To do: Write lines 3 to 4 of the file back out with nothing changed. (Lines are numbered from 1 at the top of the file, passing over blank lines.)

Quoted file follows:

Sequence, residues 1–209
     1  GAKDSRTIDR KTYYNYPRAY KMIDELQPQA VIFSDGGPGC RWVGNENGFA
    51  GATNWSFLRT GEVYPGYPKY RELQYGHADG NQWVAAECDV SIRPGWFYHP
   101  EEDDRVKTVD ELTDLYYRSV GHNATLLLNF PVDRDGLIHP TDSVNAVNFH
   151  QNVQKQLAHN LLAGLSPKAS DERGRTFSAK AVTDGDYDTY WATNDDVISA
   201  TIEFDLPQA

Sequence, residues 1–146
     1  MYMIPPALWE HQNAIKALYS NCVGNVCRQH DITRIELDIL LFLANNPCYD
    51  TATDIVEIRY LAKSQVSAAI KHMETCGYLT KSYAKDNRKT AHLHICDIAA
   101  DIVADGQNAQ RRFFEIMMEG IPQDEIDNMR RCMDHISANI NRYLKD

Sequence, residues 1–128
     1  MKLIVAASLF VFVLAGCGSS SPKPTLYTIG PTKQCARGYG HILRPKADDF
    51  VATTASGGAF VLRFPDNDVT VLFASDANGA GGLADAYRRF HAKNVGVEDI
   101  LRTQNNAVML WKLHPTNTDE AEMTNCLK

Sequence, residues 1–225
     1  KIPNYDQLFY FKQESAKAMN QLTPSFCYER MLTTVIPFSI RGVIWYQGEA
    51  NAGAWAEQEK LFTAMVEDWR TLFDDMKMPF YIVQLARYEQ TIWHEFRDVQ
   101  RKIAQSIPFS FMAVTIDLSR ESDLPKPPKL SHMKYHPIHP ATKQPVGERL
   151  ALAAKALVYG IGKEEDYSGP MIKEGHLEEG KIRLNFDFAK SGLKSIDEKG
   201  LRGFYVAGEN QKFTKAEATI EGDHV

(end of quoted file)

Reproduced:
    51  GATNWSFLRT GEVYPGYPKY RELQYGHADG NQWVAAECDV SIRPGWFYHP
   101  EEDDRVKTVD ELTDLYYRSV GHNATLLLNF PVDRDGLIHP TDSVNAVNFH